Objectives: Craniopharyngioma survivors experience cognitive deficits that negatively impact quality of life. Aerobic fitness is associated with cognitive benefits in typically developing children and physical exercise promotes recovery following brain injury. Accordingly, we investigated cognitive and neural correlates of aerobic fitness in a sample of craniopharyngioma patients. Methods: Patients treated for craniopharyngioma [N=104, 10.0±4.6 years, 48% male] participated in fitness, cognitive and fMRI (n=51) assessments following surgery but before proton radiation therapy. Results: Patients demonstrated impaired aerobic fitness [peak oxygen uptake (PKVO2)=23.9±7.1, 41% impaired (i.e., 1.5 SD<normative mean)], motor proficiency [Bruininks-Oseretsky (BOT2)=38.6±9.0, 28% impaired], and executive functions (e.g., WISC-IV Working Memory Index (WMI)=96.0±15.3, 11% impaired). PKVO2 correlated with better executive functions (e.g., WISC-IV WMI r=.27, p=.02) and academic performance (WJ-III Calculation r=.24, p=.04). BOT2 correlated with better attention (e.g., CPT-II omissions r=.26, p=.04) and executive functions (e.g., WISC-IV WMI r=.32, p=.01). Areas of robust neural activation during an n-back task included superior parietal lobule, dorsolateral prefrontal cortex, and middle and superior frontal gyri (p<.05, corrected). Higher network activation was associated with better working memory task performance and better BOT2 (p<.001). Conclusions: Before adjuvant therapy, children with craniopharyngioma demonstrate significantly reduced aerobic fitness, motor proficiency, and working memory. Better aerobic fitness and motor proficiency are associated with better attention and executive functions, as well as greater activation of a well-established working memory network. These findings may help explain differential risk/resiliency with respect to acute cognitive changes that may portend cognitive late effects. (JINS, 2019, 25, 413–425)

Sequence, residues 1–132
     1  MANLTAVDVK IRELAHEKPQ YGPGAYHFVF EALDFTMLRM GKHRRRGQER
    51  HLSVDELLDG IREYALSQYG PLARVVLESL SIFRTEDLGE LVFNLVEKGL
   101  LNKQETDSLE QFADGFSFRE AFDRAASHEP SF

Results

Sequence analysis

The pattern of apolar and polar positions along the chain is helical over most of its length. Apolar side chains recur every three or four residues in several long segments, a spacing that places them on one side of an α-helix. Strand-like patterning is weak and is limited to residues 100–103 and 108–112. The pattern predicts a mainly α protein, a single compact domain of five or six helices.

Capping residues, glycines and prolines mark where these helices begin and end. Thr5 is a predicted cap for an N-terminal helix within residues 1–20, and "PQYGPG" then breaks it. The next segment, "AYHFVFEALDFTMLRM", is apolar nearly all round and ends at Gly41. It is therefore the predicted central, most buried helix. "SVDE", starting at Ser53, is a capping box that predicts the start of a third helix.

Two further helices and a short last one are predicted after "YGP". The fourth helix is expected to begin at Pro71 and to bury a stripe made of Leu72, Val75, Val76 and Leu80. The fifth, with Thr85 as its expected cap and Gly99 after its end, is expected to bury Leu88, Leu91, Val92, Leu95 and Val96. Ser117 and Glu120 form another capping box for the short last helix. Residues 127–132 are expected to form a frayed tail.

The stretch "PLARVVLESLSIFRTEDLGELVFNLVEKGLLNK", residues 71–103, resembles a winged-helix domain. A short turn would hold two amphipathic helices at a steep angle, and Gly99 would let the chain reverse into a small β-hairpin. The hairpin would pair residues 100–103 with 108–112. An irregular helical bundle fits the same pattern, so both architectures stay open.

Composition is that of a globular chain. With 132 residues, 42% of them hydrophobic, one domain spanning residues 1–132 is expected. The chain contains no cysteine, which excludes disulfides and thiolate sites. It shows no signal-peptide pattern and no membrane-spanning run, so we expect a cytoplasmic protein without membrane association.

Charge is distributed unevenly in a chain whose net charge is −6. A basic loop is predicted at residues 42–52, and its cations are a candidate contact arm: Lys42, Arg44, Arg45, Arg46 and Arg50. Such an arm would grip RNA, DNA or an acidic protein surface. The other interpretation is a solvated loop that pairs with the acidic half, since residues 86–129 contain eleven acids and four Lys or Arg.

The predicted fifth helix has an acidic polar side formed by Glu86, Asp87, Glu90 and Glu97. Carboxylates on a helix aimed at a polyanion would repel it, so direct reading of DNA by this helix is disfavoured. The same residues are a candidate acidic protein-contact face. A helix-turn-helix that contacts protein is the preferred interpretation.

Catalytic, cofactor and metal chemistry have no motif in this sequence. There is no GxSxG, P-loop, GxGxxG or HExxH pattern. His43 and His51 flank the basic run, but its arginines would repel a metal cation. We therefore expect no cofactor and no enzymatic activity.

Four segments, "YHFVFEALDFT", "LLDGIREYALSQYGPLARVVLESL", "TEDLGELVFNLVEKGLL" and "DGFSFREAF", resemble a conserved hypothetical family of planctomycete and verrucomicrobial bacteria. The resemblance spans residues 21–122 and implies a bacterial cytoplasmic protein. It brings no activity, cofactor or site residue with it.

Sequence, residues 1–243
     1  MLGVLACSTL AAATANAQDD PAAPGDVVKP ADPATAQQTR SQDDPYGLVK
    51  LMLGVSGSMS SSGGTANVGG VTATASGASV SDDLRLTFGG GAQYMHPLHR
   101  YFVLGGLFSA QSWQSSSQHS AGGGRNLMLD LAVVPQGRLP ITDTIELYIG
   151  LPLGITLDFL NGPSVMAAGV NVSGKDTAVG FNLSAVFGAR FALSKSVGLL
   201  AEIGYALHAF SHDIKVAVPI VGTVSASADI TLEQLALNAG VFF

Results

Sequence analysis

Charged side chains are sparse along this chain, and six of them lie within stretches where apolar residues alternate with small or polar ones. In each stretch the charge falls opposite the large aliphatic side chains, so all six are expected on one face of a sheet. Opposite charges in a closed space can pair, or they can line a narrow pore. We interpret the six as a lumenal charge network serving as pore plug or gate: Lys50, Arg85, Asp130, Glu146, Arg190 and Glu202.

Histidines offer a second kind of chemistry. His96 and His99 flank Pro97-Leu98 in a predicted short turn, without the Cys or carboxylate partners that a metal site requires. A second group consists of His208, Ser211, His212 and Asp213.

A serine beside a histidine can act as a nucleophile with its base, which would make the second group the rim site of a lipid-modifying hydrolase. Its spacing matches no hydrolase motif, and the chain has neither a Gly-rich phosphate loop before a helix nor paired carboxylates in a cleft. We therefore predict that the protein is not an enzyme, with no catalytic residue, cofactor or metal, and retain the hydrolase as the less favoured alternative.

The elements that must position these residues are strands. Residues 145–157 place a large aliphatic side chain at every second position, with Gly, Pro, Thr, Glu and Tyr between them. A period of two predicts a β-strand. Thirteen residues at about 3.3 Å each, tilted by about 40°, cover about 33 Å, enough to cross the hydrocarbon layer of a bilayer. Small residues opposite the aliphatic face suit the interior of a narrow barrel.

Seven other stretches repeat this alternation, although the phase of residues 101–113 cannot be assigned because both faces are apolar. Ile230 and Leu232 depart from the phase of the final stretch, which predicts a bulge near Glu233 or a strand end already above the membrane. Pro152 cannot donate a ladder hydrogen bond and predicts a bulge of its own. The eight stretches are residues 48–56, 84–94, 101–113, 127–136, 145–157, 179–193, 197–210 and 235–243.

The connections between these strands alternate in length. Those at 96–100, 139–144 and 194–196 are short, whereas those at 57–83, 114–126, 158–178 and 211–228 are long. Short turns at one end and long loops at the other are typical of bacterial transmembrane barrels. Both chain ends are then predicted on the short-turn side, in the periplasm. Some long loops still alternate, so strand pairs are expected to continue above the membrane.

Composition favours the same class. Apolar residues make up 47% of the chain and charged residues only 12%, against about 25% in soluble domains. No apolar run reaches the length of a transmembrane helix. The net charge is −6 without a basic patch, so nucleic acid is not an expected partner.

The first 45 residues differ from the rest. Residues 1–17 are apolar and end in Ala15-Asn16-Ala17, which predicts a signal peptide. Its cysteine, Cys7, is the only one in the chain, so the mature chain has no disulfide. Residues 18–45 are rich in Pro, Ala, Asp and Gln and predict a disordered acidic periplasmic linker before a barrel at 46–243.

Meaningful participant engagement has been identified as a key contributor to the success of efforts to share data via a “Medical Information Commons” (MIC). We present findings from expert stakeholder interviews aimed at understanding barriers to engagement and the appropriate role of MIC participants. Although most interviewees supported engagement, they distinguished between individual versus collective forms. They also noted challenges including representation and perceived inefficiency, prompting reflection on political aspects of engagement and efficiency concerns.